Sunday, December 04, 2005

Flashback: How CNN collaborated with Saddam Hussein

For more than a decade, CNN executives consciously failed to tell their viewers that they were letting their channel be used as a tool of censorship and propaganda for Saddam Hussein.

After US-led forces destroyed the Saddam regime, CNN Chief News Executive Eason Jordan admitted the self-censorship in a pained New York Times op-ed on April 11, 2003. He claimed he played the game to save lives of Iraqis who worked with his organization.

"I felt awful having these stories bottled up inside me," Jordan wrote.

Everybody saw through it. NBC icon Tom Brokaw criticized Jordan for his piece, saying: "you do wonder, what is the deal that they've made to stay where they are when they get there?”

The Washington Post ran an editorial unusual in its harshness toward another news organization:

If CNN did not fully disclose what it knew about the Baathist regime, and if CNN deliberately kept its coverage bland and inoffensive, that would help explain why the regime was not perceived to be as ruthless as it in fact was, in the Arab world and elsewhere.

In fact, over the past few days, Baathist atrocities have been revealed ad hoc, as U.S. and British troops discover them. When the systematic investigation of Saddam Hussein's Iraq begins, the stories may grow worse. It is difficult to make judgments in retrospect, but some CNN reporting did seem deliberately unprovocative, given the true nature of the regime. An election last autumn, which Saddam Hussein won with 100 percent of the votes, was interpreted as a "message of defiance to U.S. President George Bush," for example.

If the network had also told its viewers that Mr. Jordan dealt with an Iraqi official whose teeth had been pried out for upsetting his boss, Uday Hussein, then those watching the electoral story might have felt differently about that report, about the election result and about a regime that terrified its citizens into proclaiming their unanimous support.

Peter Collins, who served briefly as CNN Baghdad bureau chief in 1993, responded four days later in the Washington Times, saying the practice was much more than omission and self-censorship. He wrote that Jordan and CNN President Tom Johnson repeatedly traveled to Baghdad to negotiate with the regime, and that he personally saw Johnson and Jordan "groveling" before Iraqi officials to seek a favor from Saddam Hussein: a personal exclusive interview with CNN. According to Collins:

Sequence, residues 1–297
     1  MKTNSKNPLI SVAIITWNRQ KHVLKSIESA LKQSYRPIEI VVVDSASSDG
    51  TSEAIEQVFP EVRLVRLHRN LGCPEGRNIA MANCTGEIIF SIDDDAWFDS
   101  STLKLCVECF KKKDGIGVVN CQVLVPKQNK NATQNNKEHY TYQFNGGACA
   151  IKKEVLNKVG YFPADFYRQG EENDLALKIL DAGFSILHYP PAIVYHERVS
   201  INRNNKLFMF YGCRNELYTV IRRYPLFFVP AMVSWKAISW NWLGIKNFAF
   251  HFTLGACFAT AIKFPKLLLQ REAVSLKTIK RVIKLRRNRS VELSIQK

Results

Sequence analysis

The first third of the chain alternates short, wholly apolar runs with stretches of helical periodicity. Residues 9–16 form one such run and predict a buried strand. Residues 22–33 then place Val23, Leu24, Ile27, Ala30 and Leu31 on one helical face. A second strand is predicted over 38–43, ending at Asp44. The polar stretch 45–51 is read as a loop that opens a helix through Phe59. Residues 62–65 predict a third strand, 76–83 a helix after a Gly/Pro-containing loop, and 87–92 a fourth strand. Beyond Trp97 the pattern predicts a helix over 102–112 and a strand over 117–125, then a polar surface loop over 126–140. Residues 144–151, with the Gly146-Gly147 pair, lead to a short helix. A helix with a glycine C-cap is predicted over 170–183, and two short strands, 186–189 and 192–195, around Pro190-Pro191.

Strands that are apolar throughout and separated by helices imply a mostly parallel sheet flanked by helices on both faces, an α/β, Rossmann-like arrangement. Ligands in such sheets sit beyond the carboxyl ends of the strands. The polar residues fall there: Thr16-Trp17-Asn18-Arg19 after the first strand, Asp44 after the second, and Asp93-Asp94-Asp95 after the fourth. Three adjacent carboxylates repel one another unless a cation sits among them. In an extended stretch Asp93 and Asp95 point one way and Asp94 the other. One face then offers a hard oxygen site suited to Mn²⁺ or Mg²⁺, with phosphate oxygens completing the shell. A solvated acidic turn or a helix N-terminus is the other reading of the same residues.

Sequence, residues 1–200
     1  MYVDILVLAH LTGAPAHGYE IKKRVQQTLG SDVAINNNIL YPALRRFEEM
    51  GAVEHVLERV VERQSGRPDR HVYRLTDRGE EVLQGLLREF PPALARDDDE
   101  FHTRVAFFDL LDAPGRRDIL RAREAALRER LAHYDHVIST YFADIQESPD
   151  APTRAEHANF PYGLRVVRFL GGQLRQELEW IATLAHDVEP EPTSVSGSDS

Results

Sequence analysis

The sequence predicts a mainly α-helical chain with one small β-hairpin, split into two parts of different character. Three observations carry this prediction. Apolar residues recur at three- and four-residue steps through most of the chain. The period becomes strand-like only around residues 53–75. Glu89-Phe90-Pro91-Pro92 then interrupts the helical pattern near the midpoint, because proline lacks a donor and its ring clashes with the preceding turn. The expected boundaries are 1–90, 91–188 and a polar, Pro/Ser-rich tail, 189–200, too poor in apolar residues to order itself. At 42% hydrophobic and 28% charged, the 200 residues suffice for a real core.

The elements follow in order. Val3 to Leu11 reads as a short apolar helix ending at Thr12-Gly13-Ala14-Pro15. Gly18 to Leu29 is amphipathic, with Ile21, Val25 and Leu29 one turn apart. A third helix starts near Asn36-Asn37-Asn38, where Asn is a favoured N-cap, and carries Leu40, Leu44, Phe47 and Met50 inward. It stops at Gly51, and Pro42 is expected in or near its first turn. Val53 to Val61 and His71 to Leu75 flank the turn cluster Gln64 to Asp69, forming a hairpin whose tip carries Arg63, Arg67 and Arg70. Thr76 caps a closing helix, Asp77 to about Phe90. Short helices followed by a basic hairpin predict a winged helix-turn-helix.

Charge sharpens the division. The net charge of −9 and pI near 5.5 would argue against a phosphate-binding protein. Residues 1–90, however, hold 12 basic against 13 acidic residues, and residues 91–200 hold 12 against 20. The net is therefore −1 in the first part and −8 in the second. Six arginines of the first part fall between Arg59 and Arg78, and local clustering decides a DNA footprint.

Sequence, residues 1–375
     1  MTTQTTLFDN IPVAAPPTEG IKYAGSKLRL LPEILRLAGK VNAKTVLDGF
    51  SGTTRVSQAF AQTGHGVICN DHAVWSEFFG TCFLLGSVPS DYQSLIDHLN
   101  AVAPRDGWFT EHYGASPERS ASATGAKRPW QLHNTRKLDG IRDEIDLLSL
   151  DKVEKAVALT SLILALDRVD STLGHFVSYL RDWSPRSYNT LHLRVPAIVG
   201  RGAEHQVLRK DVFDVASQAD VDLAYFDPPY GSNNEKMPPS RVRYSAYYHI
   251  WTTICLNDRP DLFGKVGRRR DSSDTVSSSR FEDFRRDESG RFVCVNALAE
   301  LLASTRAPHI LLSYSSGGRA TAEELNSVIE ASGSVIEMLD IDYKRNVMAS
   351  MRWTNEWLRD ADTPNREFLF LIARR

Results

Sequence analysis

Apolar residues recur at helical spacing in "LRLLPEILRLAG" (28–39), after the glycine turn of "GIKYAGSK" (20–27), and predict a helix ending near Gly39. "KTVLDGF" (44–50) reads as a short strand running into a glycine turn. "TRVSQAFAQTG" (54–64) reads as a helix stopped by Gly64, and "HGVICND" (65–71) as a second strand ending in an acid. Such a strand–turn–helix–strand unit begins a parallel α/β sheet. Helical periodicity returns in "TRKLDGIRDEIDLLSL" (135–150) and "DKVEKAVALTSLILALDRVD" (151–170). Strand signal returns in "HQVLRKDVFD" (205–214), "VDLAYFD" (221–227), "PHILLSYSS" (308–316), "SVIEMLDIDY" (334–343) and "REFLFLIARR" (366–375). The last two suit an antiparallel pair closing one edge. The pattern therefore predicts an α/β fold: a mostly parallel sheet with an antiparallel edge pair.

"The day after one such meeting, I was on the roof of the Ministry of Information, preparing for my first 'live shot' on CNN. A producer came up and handed me a sheet of paper with handwritten notes. 'Tom Johnson wants you to read this on camera,' he said. I glanced at the paper. It was an item-by-item summary of points made by Information Minister Latif Jassim in an interview that morning with Mr. Johnson and Mr. Jordan.

"The list was so long that there was no time during the live shot to provide context. I read the information minister's points verbatim. Moments later, I was downstairs in the newsroom on the first floor of the Information Ministry. Mr. Johnson approached, having seen my performance on a TV monitor. 'You were a bit flat there, Peter,' he said. Again, I was astonished. The president of CNN was telling me I seemed less-than-enthusiastic reading Saddam Hussein's propaganda."

Franklin Foer of The New Republic investigated CNN's bias in favor of Saddam. He wrote in the Wall Street Journal's online edition,

"For nearly a decade, the [CNN] network gave credulous treatment to orchestrated anti-U.S. protests. When Saddam won his most recent 'election,' CNN's Baghdad reporter Jane Arraf treated the event as meaningful: 'The point is that this really is a huge show of support' and 'a vote of defiance against the United States.' After Saddam granted amnesty to prisoners in October, she reported, this 'really does diffuse one of the strongest criticisms over the past decades of Iraq's human-rights records'."

Click here for more, including a response from Eason Jordan.


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